Act II finale, "Son tradito", at the Liceu in He leaves the room just as Pasquale enters, dressed in his outdated finery, along with his servants, to whom he gives instructions to admit Malatesta on his arrival. He parades around in his grand costume, hoping it will conceal his advancing years. Malatesta arrives with Norina in tow, and introduces her to Pasquale as his sister, Sofronia, fresh out of the convent. Norina consents to the proposed marriage, which delights Pasquale. He wants to send for the notary to conduct the ceremony straight away — conveniently, Malatesta has brought one along, who waits in the antechamber.
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Act II finale, "Son tradito", at the Liceu in He leaves the room just as Pasquale enters, dressed in his outdated finery, along with his servants, to whom he gives instructions to admit Malatesta on his arrival.
He parades around in his grand costume, hoping it will conceal his advancing years. Malatesta arrives with Norina in tow, and introduces her to Pasquale as his sister, Sofronia, fresh out of the convent. Norina consents to the proposed marriage, which delights Pasquale.
He wants to send for the notary to conduct the ceremony straight away — conveniently, Malatesta has brought one along, who waits in the antechamber. Malatesta fetches the supposed notary, as servants arrange a table. Taking his seat, the "notary" writes out a marriage contract as dictated by Malatesta and Pasquale Fra da una parta — "Between, on one hand" , where the Don bequeaths all his estate to be administrated by Sofronia.
The contract is quickly drawn up: Pasquale signs but, before Norina can affix her signature, Ernesto bursts in. Intending to say a final farewell, he is amazed to see Norina about to marry Pasquale. She announces her intention to teach him manners, and to have Ernesto as a gallant to accompany her on evening strolls.
Summoning the household staff, Norina recites a long list of demands — more servants young and handsome at that , carriages and horses, furniture — and instructs them to spare no expense doubling all their wages. Pasquale is stricken at his misfortune, so Malatesta urges him to go to bed. Dismayed by the piles of bills and invoices, the Don summons the courage to confront his tyrannical new wife.
Norina emerges, dressed to go out. He attempts to reason with her, but she pays little heed Signorina, in tanta fretta — "Madam, where are you off to in such a hurry".
He suggests that if she leaves, he may not allow her to return, an idea that she meets with patronising insincerity Via, caro sposino — "There, there, dear little husband" but the discussion ends in her slapping him.
As she exits, she drops a note which Pasquale picks up and reads. The note is addressed to Sofronia, arranging a meeting in the garden with its unnamed, admiring author. Pasquale calls for a servant to summon Malatesta, before leaving the room. The servants return and, amongst themselves, at once complain at the amount of work they are being made to do, and reveal how much they are enjoying the farcical drama developing between Pasquale and his new wife Che interminabile andirivieni!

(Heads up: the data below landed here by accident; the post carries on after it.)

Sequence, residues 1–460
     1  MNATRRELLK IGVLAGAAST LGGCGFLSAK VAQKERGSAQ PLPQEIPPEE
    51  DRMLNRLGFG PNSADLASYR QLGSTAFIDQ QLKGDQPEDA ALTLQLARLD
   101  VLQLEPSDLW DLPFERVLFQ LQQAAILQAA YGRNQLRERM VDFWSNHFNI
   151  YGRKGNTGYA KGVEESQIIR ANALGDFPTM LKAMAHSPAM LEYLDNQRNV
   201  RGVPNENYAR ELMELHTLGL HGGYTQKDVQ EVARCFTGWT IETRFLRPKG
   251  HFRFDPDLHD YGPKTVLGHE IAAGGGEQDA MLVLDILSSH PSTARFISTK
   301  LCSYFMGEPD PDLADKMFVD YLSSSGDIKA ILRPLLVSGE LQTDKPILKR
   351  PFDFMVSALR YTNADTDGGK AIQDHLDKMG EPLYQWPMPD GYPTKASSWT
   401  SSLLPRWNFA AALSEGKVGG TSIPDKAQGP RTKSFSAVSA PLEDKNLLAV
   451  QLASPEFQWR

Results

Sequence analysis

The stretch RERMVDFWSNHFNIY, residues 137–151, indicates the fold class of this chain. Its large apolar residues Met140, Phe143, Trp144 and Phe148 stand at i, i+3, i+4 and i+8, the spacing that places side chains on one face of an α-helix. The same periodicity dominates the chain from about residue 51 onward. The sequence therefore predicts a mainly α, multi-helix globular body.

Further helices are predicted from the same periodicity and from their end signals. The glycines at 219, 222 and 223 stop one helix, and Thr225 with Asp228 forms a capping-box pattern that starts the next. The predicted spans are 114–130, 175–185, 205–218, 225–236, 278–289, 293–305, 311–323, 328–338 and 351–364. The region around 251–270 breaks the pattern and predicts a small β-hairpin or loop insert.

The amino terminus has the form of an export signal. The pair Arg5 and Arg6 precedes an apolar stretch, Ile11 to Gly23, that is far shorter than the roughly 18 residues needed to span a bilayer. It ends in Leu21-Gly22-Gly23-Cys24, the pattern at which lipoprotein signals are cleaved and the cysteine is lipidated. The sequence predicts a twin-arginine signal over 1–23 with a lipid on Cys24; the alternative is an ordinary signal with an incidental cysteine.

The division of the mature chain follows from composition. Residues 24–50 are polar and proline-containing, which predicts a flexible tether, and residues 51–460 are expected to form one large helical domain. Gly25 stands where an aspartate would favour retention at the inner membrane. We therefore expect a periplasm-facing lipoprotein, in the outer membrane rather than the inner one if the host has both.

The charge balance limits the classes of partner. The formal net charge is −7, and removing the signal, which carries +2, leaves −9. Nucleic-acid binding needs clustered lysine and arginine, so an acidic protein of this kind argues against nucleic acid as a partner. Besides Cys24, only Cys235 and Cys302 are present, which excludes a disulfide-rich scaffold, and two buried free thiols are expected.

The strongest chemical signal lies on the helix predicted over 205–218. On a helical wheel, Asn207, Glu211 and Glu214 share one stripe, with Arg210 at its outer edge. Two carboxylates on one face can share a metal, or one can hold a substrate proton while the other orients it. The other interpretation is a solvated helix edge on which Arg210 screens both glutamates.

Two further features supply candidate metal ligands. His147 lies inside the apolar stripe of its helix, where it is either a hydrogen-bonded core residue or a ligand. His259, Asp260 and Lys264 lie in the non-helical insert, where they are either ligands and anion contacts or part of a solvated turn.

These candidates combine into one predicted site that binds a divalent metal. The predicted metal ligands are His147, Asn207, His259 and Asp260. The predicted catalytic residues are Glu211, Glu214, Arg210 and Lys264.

At the approach of Malatesta and Ernesto, however, they exit, assured of more entertainment to come. Malatesta reminds Ernesto of the finer points of their plan, and the latter leaves.
Malatesta persuades him to moderate his plan and Pasquale, believing him an ally, consents to his conditions, while plotting his revenge on Norina Aspetta, aspetta, cara sposina — "Wait, wait, dear little wife". Don Pasquale and Malatesta have observed and, as they reveal themselves, Ernesto covers himself with a cloak and runs to the house.
Pasquale tries to confront Norina — he has caught her in flagrante — but this only provokes a fight that leaves the Don spluttering. She refuses to leave at his demand, so Malatesta, as per his agreement with Pasquale, takes over. Pasquale consents, and calls out to the house, from which Ernesto and the servants emerge. He instructs Ernesto to send for his would-be bride, but Malatesta reveals that Norina is in fact the woman Pasquale thinks he married, while the real Sofronia remains in a convent.
All are reconciled, and the moral of the story — not to marry in old age — is revealed in a playful quartet La moral di tutto questo — "The moral of all this".
Don Pasquale – G. Donizetti
A dirimere la bagarre intervenne Michele Accursi Amico di Donizetti , che propose di apporre le sue iniziali sul libretto. Per questo motivo, il libretto originale risulta a firma di "M. Chiede dunque al dottor Malatesta di trovargli una moglie. Il dottor Malatesta, essendo amico stretto di Ernesto, ordisce un piano per aiutare i due giovani innamorati: propone a Don Pasquale di sposare Sofronia, sua sorella, bella fanciulla appena uscita dal convento. Sapendo che Don Pasquale avrebbe accettato di buon grado la proposta, il dottor Malatesta mette in scena un finto matrimonio, chiedendo a Norina di travestirsi da Sofronia.
Don Pasquale Libretto
Don Pasquale - Don Pasquale